One staple in our garden every summer is Sweet Basil. I have gotten to the point where my basil self seeds every year and is little work to maintain. We usually have 5-10 large basil plants growing at any one time. This creates an abundance of basil that needs to be preserved for winter use. To make preserving quick and easy, I like drying basil from the garden in one of my two dehydrators.
Basil is such a versatile herb. I use it almost daily in recipes from Pizza to Roasted Potatoes. Purchasing dried herbs at the grocery store can be expensive, which I find odd since growing most of them is so easy. They almost all require little maintenance once established.
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How to Prepare Your Basil for Drying
The first step for drying basil from the garden is to gently pull the leaves off the stem and place them into a colander. Fresh garden basil tends to bruise quite easily and will turn brown, so be gentle as you handle it.
Once your basil leaves are separated, you will need to gently rinse them under cold water and pat dry with a paper towel.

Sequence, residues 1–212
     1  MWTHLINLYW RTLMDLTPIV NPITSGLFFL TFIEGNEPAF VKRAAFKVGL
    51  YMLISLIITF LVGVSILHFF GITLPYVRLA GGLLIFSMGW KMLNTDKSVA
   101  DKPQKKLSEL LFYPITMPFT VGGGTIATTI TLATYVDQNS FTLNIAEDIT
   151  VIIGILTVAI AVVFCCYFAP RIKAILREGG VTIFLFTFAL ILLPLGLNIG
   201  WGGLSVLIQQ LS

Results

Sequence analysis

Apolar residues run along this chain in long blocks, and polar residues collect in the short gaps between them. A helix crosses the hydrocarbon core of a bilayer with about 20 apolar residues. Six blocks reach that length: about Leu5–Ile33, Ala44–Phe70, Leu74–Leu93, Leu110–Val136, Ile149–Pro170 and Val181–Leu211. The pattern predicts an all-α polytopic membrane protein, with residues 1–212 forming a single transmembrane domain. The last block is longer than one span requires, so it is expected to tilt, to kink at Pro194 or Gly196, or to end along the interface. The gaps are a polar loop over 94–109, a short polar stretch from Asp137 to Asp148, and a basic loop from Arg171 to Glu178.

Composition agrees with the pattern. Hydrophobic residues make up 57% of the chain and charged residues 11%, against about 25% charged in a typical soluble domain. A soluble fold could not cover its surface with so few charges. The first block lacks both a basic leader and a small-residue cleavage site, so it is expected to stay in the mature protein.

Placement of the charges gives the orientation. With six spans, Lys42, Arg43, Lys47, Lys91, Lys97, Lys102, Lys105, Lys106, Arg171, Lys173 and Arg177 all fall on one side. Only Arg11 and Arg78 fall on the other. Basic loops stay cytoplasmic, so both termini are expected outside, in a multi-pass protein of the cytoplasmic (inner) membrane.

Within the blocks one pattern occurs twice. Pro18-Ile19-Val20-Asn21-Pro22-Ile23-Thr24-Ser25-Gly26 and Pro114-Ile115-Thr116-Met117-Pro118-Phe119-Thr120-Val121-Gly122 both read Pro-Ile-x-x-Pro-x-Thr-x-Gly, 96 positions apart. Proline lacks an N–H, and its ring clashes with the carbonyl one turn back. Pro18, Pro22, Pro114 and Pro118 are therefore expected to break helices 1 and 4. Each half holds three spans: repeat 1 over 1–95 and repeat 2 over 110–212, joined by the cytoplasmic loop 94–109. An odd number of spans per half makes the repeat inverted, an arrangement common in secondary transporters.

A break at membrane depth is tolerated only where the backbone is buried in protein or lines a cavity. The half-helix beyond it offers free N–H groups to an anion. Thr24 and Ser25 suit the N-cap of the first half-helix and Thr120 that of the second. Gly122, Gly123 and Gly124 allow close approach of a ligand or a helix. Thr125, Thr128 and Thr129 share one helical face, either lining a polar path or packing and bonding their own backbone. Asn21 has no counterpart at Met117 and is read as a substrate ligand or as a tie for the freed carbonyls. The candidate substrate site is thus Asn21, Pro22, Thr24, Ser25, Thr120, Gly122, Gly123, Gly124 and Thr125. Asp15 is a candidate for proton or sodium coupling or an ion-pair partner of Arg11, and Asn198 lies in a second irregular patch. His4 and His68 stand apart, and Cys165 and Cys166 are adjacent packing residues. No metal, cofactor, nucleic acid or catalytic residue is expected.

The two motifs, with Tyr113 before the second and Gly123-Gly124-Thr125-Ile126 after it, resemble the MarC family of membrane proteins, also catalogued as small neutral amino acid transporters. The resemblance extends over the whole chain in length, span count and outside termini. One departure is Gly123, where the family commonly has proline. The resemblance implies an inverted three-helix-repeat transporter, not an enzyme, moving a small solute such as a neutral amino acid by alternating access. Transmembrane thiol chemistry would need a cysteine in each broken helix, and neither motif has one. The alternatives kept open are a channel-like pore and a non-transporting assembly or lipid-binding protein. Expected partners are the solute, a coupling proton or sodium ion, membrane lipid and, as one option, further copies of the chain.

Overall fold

Prepare Your Dehydrator Trays for Drying Basil
Now that you have your basil prepped and ready to dry. You will need to line your dehydrator trays with screen liners or parchment paper. Basil tends to become very brittle when dry so using a liner will help to catch small pieces that crumble off in the dehydrator.
Place your basil leaves on your trays. Make sure to leave enough room for air to circulate around each leaf to ensure even drying.
Place Trays in Dehydrator
As each tray is filled with basil leaves, place the trays in the dehydrator. Once your dehydrator is full, you will need to set the temperature and the time.
When drying basil from the garden or any herbs in general, you will want to make sure you do so at a low setting. Herbs are delicate and can easily burn or discolor in high heat. By dehydrating herbs at a low setting, you also preserve more flavor, oils and health benefits that they have to offer.
For most herbs, I like to set the dehydrator to 95° F. Since every dehydrator is different when it comes to timing, I like to start a timer for 14 hours, then check for doneness. Basil should easily crumble between your fingers when it is completely dry. If it is still pliable, turn your dehydrator back on and check on it every couple hours.
Dehydrating Basil Video
I made a simple & quick video so you can see my process for drying basil from the garden. It is a great way to presvere the harvest for year-round use.
One of my other favorite ways to preserve basil is by making freezable dairy-free pesto. It is so simple to make with just a few ingredients and it freezes perfectly. You can find the recipe here: Basilhttp://www.yardibles.com/vegan-pesto-recipe/
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